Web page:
#5 Conservative

Trey Parker and Matt Stone — It’s possible that most regular viewers of “South Park” have little idea that Parker and Stone are self-described Republicans and I’m sure most of you don’t think of it as that much of a political show, even though rather subtle and often quite penetrating and/or infuriating thoughts about politics run through many, if not most, episodes. That’s because, like all great satirists, they are just as good at poking holes in the pretensions of their own side as that of the opposition, and their social liberalism puts them so at odds with the increasingly extremist faction that now controls much of the Republican party that some could easily mistake them for liberals. Actually, right now it’s easy to imagine them ditching the party indefinitely, along with any number of smart fellow conservatives who have already done so publicly.

parker-stone

Still, conservative and/or anti-liberal messages are often found on episodes of “South Park,” including attacks on such personal friends of the pair as George Clooney. Indeed, as early as 2001, famed blogger Andrew Sullivan described himself as a “South Park Republican.” (Sullivan is now one of those smart conservative ex-Republicans I mentioned above.) And, of course, there was no stronger, and certainly no funnier, attack on the antiwar efforts of the American left than “Team America: World Police” which had marionette versions of Michael Moore, Alec Baldwin, Matt Damon, and Janeane Garofalo working in tandem with North Korean madman Kim Jong-il in his plans to destroy Western civilization.

Since the film’s release in 2004, more doctrinaire conservatives have tried to follow suit with such liberal-bashing comedies as “An American Carol” and “The 1/2 Hour News Hour,” a truly wretched attempt to craft a conservative alternative to “The Daily Show,” but only Parker and Stone have been able to bash liberals and their ideas and make targets like Alec Baldwin love it.

Read the rest of this entry »

  

Related Posts

Recapturing lost youth

I missed yesterday’s big geek film blogger story, which was the possibility that, having successfully headlined the reboot of “Star Trek” as the James T. Kirk for a younger generation, Chris Pine may now star in reboot #3 of the Jack Ryan series of Tom Clancy adaptations.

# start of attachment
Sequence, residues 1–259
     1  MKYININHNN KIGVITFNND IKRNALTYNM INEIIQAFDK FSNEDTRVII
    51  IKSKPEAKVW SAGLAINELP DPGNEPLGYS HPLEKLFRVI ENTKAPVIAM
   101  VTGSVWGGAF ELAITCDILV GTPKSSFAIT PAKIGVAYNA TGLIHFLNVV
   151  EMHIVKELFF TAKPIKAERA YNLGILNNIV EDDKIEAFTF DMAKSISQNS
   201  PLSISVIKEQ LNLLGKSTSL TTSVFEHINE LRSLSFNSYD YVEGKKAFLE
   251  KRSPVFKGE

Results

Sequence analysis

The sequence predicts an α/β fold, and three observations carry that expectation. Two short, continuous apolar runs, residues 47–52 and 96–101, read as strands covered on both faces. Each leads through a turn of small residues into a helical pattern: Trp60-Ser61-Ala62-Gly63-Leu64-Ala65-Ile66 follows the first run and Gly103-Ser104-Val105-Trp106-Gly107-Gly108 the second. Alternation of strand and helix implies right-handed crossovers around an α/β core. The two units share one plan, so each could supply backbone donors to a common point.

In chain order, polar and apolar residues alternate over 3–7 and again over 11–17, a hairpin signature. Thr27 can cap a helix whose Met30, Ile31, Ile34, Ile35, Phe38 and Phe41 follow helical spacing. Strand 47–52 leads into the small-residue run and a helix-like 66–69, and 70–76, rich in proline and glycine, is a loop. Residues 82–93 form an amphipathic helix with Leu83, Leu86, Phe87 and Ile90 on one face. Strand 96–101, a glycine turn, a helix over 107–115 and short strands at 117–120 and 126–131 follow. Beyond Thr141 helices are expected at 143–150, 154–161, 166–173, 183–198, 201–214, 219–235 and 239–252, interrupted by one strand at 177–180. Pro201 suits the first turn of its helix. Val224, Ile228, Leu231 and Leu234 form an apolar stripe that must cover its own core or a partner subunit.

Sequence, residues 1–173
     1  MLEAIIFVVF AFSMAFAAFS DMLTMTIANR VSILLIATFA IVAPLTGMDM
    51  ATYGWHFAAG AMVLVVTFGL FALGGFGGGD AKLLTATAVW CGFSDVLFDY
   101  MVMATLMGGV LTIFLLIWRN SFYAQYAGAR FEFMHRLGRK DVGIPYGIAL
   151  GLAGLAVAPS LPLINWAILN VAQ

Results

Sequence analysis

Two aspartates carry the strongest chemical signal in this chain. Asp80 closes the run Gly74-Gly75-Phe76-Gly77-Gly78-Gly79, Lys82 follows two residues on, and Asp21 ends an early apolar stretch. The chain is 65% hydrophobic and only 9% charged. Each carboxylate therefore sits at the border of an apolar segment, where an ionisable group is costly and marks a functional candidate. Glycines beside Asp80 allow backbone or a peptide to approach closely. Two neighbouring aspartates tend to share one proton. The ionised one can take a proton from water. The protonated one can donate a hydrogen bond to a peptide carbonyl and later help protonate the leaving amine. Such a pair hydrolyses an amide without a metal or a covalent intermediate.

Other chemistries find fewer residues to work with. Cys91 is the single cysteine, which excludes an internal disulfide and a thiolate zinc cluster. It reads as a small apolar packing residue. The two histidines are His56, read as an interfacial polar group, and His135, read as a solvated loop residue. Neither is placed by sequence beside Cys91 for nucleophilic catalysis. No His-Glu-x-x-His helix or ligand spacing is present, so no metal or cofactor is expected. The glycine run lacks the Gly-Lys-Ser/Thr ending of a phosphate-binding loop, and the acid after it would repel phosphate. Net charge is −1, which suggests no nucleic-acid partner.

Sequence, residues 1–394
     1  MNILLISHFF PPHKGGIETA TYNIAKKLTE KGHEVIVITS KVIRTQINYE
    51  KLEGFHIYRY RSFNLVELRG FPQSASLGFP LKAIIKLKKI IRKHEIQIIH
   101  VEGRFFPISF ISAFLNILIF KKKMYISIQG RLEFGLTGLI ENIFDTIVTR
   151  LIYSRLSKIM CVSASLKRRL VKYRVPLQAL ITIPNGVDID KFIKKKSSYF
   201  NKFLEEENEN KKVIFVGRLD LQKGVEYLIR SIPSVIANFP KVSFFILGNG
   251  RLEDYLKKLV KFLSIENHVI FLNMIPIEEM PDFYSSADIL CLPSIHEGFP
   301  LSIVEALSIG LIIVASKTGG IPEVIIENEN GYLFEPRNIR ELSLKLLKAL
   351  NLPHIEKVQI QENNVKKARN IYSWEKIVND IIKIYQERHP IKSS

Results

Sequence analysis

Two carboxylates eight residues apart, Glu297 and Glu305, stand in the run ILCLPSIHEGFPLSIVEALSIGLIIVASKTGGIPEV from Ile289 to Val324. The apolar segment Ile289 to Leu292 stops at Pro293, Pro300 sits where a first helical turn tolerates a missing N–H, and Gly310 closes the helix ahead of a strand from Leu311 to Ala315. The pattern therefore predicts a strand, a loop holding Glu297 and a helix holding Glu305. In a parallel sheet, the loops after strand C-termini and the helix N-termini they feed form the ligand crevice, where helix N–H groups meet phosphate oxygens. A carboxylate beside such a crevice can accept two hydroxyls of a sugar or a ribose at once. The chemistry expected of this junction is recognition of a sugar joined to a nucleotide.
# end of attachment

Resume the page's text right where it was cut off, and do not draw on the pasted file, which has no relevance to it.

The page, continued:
Anyhow, in penance, below is the trailer for the first film in the long, intermittent series, 1990’s “The Hunt for Red October.” One kind of shocking thing to consider is that while some think Pine is a little young to play the adventure-prone CIA analyst, Alec Baldwin slightly less than two decades back doesn’t look much older than Pine does today.

And just because I’m a sadist/masochist, and I love good comic timing, here’s a more recent — and very NSFW for language — moment with Mr. Baldwin. In 19 years Chris Pine, too, might become…a character actor.

  

Related Posts

Monday Night Quickies

Not that kind of quicky. I’m referring to brief links to stuff around the interwebs, tonight with a geeky edge.

* The “actuals” are in on the weekend box office race. The “Transformers” sequel won by a wafer thin half a million smackers, dang it.

* I’m not sure how this started, but my pattern on the “Harry Potter” franchise has been to read the books just before the films come out. To avoid spoilers for “Harry Potter and the Half-Blood Prince” (I’m on page 139 and the story’s barely begun), I’m not reading any reviews right now. Thanks to the miracle of Rotten Tomatoes I can nevertheless say that the reviews for the film thereof are looking quite good thus far. That’s a good thing because director David Yates is finishing out the series, which seems to be wrapping up much better than it started. The choice of Yates, a specialist in TV miniseries, to wrap up the films makes a lot of sense, especially since that’s essentially what the Potter movies are — the most expensive miniseries ever made.

Read the rest of this entry »

  

Related Posts